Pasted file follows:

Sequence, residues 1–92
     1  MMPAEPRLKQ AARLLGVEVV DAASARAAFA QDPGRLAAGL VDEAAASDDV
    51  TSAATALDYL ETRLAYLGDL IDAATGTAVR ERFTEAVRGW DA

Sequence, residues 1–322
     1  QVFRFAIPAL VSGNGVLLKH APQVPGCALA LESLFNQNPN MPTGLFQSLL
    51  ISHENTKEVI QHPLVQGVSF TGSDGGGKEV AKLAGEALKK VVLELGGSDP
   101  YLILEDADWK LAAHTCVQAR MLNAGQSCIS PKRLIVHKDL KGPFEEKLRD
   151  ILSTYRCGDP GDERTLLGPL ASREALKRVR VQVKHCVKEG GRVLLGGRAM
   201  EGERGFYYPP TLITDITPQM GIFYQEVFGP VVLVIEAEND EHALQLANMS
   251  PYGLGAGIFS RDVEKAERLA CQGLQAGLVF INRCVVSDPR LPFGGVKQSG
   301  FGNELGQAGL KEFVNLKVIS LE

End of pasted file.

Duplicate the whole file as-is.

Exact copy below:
Sequence, residues 1–92
     1  MMPAEPRLKQ AARLLGVEVV DAASARAAFA QDPGRLAAGL VDEAAASDDV
    51  TSAATALDYL ETRLAYLGDL IDAATGTAVR ERFTEAVRGW DA

Sequence, residues 1–322
     1  QVFRFAIPAL VSGNGVLLKH APQVPGCALA LESLFNQNPN MPTGLFQSLL
    51  ISHENTKEVI QHPLVQGVSF TGSDGGGKEV AKLAGEALKK VVLELGGSDP
   101  YLILEDADWK LAAHTCVQAR MLNAGQSCIS PKRLIVHKDL KGPFEEKLRD
   151  ILSTYRCGDP GDERTLLGPL ASREALKRVR VQVKHCVKEG GRVLLGGRAM
   201  EGERGFYYPP TLITDITPQM GIFYQEVFGP VVLVIEAEND EHALQLANMS
   251  PYGLGAGIFS RDVEKAERLA CQGLQAGLVF INRCVVSDPR LPFGGVKQSG
   301  FGNELGQAGL KEFVNLKVIS LE